The final leg of his jackpot win was landed by Lupita at odds of 12/1. Trained by Derrick Scott, it was the horse’s only win over hurdles in 26 starts, and the horse never won another race after. He could finish only seventh at Chepstow on his last outing back in April.
5) Agnes Haddock (Stakes: £2, Winnings: £688,620)
Perhaps the most famous winner of the Scoop6 bet, the one-time cleaning lady scooped a monster £410,332 for just £2 when selecting the requisite six winners required back in 2007 and also the winner of the following week’s bonus race which netted her a further £278,288 for an overall payout of £688,620.
Agnes would use coincidences to select her six winners, and the system certainly worked as she selected 9/4 winner Taranis to land the bonus race and secure the massive payout. Taranis wore the number 13 number-cloth, and Agnes was born on the 13th!
Agnes would later set up a syndicate, and two years after her big win she was in the Scoop6 money again when the group landed a share of £503,004.
Taranis landed the Scoop6 bonus race, netting Agnes Haddock a combined payout of £688,620. (Photo by Julian Herbert/Getty Images)
6) Anonymous Punter #1 (Stakes: £1, Winnings: £350,000)
An anonymous father-of-two landed more than £350,000 on a £1 accumulator in 2011.
The punter from Glasgow placed his £1 roll-up on seven horses via William Hill’s website, and all seven duly obliged. It was a regular bet for the punter who had gone close a number of times, but always had one or two to scupper him.
Refusing to believe the big payout, the punter had to have the odds calculated by his son who confirmed the payout was correct.
7) Anonymous Punter #2 (Stakes: £15.84, Winnings: £209,731)
Two years later, another anonymous punter – this time in the Home Counties – wagered £15.84 on small-stakes accumulator bets in four-folds and upwards for 1p units on eleven horses with bookmaker William Hill.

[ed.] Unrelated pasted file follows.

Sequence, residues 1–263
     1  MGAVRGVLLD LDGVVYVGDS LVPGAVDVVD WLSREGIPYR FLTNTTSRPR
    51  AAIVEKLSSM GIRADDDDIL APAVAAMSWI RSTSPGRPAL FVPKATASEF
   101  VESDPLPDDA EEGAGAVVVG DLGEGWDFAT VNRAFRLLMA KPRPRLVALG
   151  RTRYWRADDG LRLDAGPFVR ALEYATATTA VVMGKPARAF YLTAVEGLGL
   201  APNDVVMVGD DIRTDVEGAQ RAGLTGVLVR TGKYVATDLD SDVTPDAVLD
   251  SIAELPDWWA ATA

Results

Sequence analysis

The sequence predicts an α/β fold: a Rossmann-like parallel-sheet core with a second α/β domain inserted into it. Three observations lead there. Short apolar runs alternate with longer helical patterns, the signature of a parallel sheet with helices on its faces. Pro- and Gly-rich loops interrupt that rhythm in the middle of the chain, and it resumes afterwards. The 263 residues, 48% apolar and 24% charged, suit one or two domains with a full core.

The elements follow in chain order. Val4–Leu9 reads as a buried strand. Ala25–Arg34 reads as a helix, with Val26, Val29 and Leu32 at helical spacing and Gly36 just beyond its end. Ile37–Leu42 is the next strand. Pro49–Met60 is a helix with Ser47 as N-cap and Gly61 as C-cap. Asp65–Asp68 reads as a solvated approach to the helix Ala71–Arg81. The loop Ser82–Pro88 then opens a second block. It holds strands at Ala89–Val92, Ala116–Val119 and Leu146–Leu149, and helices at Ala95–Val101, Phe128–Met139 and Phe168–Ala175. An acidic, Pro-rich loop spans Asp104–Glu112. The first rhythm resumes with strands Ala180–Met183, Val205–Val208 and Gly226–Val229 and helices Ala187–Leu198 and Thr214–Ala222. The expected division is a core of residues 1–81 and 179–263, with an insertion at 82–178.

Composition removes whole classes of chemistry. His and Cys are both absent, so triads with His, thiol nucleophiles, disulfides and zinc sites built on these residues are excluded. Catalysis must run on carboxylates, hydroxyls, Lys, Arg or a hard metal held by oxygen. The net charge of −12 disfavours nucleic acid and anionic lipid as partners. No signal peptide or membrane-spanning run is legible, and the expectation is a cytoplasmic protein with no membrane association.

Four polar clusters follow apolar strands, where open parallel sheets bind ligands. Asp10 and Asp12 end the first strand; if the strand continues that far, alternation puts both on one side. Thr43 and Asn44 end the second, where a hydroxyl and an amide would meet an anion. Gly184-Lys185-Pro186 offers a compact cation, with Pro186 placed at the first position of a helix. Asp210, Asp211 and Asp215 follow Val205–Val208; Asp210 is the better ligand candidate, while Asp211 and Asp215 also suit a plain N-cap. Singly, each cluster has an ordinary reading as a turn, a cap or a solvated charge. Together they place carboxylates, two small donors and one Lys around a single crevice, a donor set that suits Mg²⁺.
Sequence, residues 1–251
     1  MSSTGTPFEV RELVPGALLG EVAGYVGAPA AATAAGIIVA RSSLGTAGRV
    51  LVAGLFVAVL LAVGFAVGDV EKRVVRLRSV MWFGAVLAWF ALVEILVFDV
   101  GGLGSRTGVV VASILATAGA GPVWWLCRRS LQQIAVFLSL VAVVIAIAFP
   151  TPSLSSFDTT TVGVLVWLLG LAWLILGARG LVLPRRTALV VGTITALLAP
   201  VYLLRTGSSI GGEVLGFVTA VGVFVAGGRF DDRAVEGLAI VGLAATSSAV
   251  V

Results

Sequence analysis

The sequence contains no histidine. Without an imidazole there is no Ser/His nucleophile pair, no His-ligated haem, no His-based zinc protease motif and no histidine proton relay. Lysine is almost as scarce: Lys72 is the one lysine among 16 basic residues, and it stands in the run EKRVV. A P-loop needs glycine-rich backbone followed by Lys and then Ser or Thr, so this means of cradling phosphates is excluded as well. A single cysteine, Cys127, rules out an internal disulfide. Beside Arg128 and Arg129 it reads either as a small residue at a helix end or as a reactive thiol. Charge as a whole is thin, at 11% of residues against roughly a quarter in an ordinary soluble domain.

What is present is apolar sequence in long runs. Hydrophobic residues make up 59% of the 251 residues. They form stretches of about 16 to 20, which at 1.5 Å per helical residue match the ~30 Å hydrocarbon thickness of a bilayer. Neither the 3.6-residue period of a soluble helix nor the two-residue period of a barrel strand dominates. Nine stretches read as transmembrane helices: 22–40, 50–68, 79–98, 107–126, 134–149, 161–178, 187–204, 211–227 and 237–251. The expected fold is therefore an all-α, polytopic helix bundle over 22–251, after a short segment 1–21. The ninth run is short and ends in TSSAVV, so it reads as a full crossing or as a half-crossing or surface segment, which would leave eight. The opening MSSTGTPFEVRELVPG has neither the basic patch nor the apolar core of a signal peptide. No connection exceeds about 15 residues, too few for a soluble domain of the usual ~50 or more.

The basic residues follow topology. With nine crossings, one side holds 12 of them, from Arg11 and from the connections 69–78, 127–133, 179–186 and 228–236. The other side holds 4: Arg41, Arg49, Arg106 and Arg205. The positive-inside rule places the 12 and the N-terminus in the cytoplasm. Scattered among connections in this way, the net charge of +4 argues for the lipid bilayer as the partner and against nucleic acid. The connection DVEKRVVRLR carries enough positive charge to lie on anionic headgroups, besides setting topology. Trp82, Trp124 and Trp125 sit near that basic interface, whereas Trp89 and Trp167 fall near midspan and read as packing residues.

The punter, whose selections ran at Newmarket, Salisbury and Hamilton managed to find some big-priced winners at odds of 10/1, 11/1 and 25/1 to help boost his winnings.
The punter only managed to land eight wins from his eleven selections, but the way the bet was structured saw him win big, and one of his accumulators saw a payout of £111,294p, while other assorted accumulators brought the punters’ winnings up to a huge £209,731 collectively.
8) Anonymous Punter #3 (Stakes: £2, Winnings: £411,959)
Early this year, a Nuneaton punter wagered just £2 to play the Scoop6 and duly landed a whopping £411,959.
The punter, who chose to remain anonymous, would have the chance to land a further £878,564 in the bonus pool after his winning ticket was the only one to have selected all six winners the previous week.
However, he selected 20/1 shot Brother Brian in the bonus race, who could finish only fourth behind Brave Vic. The horse won his next two starts, scoring at Cheltenham at April and again on his seasonal debut earlier this month when beating Utopie Des Bordes at Kempton.